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Many people who are serious about weight training often complain about sharp pains that they experience in the biceps, which are the arm muscles that are located between the shoulders and elbows.

Sometimes, it does not even have to be heavy lifting that is causing the pain. Sports that require intense use of the arms, such as tennis and golf, can also lead to similar problems.

The most common reason for bicep pain is the repetitive motion of the muscle that occurs while practicing a certain exercise. The damage that occurs is usually a rip or tear in the muscle. Minor strains can take several days to heal up, but more extensive injuries will call for a more serious treatment of the problem.

A pulled bicep occurs when the muscle is over strained. In this condition, the fibers and tissues that form the muscle are torn.

Another cause of pain could be bicep tendonitis. This is an inflammation of the tendons that connect the muscles of the bicep to the bones.

If a tendon is torn, the pain will most likely be located closer to the elbow than the shoulder.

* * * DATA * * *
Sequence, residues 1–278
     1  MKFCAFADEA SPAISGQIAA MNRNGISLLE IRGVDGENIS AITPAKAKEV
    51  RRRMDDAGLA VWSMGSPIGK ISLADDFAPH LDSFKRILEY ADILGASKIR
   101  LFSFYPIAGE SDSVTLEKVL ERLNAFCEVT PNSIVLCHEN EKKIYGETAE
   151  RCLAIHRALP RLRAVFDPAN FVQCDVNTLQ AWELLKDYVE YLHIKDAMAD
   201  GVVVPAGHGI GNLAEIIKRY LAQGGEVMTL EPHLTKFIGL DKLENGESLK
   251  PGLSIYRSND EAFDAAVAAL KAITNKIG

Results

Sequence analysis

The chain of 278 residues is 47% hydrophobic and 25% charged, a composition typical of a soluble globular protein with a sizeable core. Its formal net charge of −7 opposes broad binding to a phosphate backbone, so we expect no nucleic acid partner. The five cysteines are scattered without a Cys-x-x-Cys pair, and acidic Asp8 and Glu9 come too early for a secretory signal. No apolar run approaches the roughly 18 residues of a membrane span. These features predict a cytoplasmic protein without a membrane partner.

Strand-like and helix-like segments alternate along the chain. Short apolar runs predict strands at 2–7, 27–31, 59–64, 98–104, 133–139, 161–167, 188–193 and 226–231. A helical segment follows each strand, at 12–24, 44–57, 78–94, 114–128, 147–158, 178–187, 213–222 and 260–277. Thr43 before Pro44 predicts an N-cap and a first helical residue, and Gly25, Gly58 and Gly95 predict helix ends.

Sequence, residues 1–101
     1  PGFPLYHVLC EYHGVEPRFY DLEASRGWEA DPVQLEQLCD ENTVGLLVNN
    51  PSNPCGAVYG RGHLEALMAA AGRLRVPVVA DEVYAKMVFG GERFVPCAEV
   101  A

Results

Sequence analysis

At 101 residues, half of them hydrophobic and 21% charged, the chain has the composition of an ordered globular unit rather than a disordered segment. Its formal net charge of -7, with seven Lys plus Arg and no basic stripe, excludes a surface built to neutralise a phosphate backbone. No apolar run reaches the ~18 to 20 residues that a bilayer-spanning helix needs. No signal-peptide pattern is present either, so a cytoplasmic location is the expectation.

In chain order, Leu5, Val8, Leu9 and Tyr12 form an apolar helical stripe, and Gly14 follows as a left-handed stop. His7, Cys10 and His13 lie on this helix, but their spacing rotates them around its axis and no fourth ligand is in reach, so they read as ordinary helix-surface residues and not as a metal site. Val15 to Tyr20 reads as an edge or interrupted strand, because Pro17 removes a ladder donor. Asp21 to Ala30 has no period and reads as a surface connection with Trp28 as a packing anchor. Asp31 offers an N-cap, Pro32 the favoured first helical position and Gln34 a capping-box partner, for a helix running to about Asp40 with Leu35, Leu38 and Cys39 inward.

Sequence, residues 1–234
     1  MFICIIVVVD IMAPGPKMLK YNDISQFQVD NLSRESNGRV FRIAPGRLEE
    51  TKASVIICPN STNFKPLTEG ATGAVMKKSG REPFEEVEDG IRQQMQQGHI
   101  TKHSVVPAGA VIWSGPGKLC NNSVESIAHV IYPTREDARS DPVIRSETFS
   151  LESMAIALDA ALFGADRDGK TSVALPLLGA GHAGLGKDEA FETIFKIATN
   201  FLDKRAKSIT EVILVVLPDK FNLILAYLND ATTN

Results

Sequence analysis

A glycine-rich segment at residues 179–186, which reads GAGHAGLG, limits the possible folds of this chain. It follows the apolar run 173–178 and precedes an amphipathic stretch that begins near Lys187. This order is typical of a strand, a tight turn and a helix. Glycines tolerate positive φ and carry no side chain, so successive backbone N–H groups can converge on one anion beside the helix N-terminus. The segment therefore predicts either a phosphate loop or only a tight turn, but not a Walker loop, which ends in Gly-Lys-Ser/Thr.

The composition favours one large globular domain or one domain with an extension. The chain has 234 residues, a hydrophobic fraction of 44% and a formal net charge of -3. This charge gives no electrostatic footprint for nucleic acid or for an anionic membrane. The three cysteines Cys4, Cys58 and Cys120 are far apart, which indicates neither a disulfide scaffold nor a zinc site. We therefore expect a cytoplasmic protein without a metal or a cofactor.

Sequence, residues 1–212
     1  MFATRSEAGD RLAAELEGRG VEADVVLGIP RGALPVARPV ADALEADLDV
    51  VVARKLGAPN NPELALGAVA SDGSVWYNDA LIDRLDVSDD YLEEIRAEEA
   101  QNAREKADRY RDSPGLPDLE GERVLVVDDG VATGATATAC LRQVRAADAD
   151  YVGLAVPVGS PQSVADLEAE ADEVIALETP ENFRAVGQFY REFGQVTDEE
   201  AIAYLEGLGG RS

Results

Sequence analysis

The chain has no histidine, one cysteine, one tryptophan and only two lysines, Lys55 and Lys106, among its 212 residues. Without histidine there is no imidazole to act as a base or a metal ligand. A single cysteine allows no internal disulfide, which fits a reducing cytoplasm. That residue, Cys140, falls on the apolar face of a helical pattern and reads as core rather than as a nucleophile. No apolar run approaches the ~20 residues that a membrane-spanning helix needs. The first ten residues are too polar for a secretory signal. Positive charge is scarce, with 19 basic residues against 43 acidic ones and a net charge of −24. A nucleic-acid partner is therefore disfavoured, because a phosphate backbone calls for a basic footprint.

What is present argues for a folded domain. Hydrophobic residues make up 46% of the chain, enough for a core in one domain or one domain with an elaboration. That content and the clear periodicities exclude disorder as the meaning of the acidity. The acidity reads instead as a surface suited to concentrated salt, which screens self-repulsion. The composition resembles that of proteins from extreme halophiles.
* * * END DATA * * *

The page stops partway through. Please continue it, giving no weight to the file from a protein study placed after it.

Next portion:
Swelling is also visible near the elbow in such cases.

There are several ways to treat these pains, and the treatments all depend on the severity of the problem.

Rest is absolutely necessary for any injury to the bicep.

Ice packs should also be applied to the muscle in order to reduce pain and swelling. Usually, ice packs should be held on the muscle for 10 to 15 minutes. Ice pack therapy will also improve the mobility of injured biceps.

Medication can also be used if the injury is a little more serious and painful. Non-steroidal anti-inflammatory drugs (NSAIDs), such as Aspirin, ibuprofen and naproxen are useful. Corticosteroid injections can also be given to soothe the pain.

In more serious cases, surgery could be necessary. Surgery is needed in the case of complete tears of the tendons or bicep muscles. This is only an option when no other non-surgical method will be able to repair the problem. The procedure involves a rejoining of the torn tendon or muscle to the shoulder bone. In some cases, metal implants will be use to secure the tendon into place.

After recovery, there are exercises that can be done to help restore flexibility to the muscles. These include light bicep curls, rotator cable lifts and stretching exercises. If the pain does not subside, then a doctor should be called to have a look at the problems before they escalate.

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